2 wheelchair-bound Indian women complete Dubai run

News Network
November 9,2019

Dubai, Nov 9: Two elderly Indian women have successfully completed a 5-km run on wheelchairs in the UAE, media reports said on Saturday.

Kusum Bhargava, 86, and Eiswari Amma, 78, participated in the Dubai run on Friday, Khaleej Times reported.

Bhargava, probably the oldest participant in the 5-km run, said that it was a great experience.

"I met so many people who came and took photos with me. I completed the 5-km distance and all the credit goes to my daughter-in-law," she said.

Sharjah resident Ama, who was one of the oldest contestants, participated in the run with her sons, daughters-in-law and grandchildren.

Her family pushed her on a wheelchair from start to finish.

"My son would always take us to Dubai and show us the Sheikh Zayed Road lined with beautiful buildings. Today, when we were actually on the road on foot, it was truly amazing.

"I couldn't help but marvel the architecture of the amazing buildings, especially the upcoming Museum of the Future. This is an amazing initiative where not only we get to enjoy fitness activities with our families, but we also got to see so many people of different nationalities. I have never experienced such a multi-cultural gathering before. It was absolutely wonderful," Amma said.

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Children under 12 unable to fly back alone to UAE from India

Agencies
July 14,2020

Dubai, Jul 14: The UAE-based parents of children under 12 stranded in India are in a tight spot with multiple airlines refusing to accept unaccompanied minors.

Starting July 12, Indians wanting to return to the UAE have been given a 15-day window to travel back on the condition that they have valid residency permits. They also have to produce a negative Covid-19 test result.

But parents of minors said they are feeling helpless as children are unable to avail of the travel opportunity despite having return permits.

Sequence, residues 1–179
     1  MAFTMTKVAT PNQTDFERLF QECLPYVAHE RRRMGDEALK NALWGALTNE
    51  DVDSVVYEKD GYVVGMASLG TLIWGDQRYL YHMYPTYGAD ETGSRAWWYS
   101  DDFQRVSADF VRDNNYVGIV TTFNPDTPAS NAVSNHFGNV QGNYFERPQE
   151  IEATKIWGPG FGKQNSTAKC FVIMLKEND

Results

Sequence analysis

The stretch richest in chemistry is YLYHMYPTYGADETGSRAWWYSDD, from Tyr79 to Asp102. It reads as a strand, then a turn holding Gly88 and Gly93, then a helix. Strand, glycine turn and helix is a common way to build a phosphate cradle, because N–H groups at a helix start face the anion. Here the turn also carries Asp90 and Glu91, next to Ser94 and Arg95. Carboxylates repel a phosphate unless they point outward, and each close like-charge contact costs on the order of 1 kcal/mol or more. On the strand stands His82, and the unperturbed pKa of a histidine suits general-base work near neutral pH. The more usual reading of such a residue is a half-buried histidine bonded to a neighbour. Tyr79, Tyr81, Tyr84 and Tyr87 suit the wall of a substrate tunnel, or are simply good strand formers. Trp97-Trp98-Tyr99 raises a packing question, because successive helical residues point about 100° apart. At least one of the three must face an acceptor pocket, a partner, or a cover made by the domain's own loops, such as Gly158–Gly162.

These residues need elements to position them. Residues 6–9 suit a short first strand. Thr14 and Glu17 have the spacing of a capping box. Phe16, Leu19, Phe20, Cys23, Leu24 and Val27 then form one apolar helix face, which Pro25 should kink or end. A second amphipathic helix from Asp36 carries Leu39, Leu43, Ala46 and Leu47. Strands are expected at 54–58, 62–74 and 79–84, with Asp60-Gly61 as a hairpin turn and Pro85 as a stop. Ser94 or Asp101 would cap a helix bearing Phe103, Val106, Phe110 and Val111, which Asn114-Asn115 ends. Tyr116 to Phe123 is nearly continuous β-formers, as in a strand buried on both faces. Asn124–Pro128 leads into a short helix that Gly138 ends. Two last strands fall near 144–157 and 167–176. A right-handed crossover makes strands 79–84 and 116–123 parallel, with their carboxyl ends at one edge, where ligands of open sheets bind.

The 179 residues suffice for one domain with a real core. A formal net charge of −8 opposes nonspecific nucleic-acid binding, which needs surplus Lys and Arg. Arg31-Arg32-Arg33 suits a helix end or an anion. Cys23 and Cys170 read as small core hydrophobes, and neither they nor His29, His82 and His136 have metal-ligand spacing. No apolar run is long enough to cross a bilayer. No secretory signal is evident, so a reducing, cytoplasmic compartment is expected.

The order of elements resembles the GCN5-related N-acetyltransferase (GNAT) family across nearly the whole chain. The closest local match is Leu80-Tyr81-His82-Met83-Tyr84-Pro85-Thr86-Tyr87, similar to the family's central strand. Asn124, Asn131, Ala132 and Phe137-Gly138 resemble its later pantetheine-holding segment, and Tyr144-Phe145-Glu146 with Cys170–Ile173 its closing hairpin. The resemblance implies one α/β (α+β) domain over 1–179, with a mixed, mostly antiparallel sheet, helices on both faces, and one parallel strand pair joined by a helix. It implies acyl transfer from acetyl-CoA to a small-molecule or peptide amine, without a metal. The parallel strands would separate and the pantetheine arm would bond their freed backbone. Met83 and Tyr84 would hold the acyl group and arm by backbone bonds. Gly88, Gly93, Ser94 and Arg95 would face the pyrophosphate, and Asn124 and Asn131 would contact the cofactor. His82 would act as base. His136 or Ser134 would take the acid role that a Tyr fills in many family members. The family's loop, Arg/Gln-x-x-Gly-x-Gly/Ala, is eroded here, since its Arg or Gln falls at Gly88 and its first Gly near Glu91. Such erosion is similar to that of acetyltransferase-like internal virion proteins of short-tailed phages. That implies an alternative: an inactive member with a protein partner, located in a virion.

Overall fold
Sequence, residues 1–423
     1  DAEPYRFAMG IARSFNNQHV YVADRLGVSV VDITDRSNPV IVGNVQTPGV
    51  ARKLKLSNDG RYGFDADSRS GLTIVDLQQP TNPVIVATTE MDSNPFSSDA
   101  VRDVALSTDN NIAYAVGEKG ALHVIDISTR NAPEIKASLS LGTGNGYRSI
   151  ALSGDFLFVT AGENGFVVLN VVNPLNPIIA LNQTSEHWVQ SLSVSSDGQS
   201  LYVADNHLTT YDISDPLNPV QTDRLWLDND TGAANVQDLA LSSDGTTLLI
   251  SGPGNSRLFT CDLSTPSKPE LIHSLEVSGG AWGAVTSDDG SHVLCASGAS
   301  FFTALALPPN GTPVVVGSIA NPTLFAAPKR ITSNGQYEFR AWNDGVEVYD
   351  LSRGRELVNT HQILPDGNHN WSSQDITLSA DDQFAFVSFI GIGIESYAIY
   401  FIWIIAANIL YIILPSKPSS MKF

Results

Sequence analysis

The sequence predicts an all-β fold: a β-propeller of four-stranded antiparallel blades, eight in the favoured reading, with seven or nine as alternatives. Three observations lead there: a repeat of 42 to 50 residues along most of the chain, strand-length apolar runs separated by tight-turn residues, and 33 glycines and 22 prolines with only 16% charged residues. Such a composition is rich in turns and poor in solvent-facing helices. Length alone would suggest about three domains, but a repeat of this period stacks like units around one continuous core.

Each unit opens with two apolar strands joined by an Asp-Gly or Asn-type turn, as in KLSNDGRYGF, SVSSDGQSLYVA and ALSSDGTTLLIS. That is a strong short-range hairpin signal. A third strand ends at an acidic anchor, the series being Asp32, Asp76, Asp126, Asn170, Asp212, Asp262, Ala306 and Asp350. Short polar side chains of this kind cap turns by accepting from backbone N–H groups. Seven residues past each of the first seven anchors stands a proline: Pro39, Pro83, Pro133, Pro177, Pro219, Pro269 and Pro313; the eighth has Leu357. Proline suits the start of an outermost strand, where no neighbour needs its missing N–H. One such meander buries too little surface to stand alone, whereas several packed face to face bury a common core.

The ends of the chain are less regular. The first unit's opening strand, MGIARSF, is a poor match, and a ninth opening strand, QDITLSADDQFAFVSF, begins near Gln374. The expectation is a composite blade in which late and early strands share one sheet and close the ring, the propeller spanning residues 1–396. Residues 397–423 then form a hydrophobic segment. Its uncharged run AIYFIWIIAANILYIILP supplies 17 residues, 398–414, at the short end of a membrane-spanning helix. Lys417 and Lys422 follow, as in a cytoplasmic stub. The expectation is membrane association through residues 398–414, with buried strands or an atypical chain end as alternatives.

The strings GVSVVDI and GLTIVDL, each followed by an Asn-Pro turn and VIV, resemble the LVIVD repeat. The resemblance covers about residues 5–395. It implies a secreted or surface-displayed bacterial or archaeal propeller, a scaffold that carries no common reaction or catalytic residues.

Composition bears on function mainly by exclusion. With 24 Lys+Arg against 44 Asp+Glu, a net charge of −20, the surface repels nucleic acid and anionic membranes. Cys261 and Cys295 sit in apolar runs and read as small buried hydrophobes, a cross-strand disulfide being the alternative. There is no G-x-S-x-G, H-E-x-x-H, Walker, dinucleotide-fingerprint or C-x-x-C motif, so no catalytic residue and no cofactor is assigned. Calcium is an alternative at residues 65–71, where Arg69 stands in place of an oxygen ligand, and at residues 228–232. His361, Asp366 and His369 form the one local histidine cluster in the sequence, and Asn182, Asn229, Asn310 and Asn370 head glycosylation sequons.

"It has been more than three months since my daughter has been stuck in India. We have GDRFA approval for her but the airlines are not accepting her booking, saying she is under 12," Poonam Sapre, a Dubai-based mother, told Khaleej Times.

Her daughter Eva Sapre, 10, is in Hyderabad and is awaiting a reunion with her parents.

"She is just 10 and it has already taken an emotional toll on her. She is eager to come back and is asking me every day about her return. This is so frustrating."

Barring Emirates and Etihad, other airlines including flydubai, Air Arabia and Air India Express are not accepting unaccompanied minors. With India extending the travel freeze till July 31, normal flights are yet to resume and only special flights are allowed between India and UAE under a bilateral agreement.

Sapre said only flydubai is flying the Hyderabad-Dubai route, and the carrier has restrictions on minors travelling alone. "My daughter is too young to fly through indirect routes," claims the mother.

When Khaleej Times reached out to the airlines for comment, they confirmed that such rules on unaccompanied minors were already in place even before Covid-19 travel restrictions came into effect.

Another Dubai-based distressed parent, who did not want to be named, said her eight-year-old son is in Kerala and is unable to fly due to airline policies on unaccompanied minors.

"I called up Air India Express and they said this has been their rule even before the Covid-19 outbreak. I am appealing to them to re-consider and make an exception during these trying times so that our children can come home safely," she said.

Faced with this eventuality, some parents are forced to fly out of the UAE so they can accompany their children on the flight back home.

An Indian mother, who is currently in Mumbai, said she flew out of Dubai on Monday morning solely for the purpose of bringing back her twin daughters, aged 10.

"I had no choice. Ideally, they could have travelled together, but under these circumstances I thought it best to get them with me personally," said the mother.

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Makkah welcomes domestic Hajj pilgrims amidst pandemic

Agencies
July 26,2020

Jeddah, Jul 26: The city of Makkah is opening its arms again to welcome pilgrims for the annual Hajj — although only a handful compared with previous years.

Because of the COVID-19 pandemic, this year’s event is limited to about 1,000 pilgrims, all from inside Saudi Arabia, about 700 of whom are expatriates.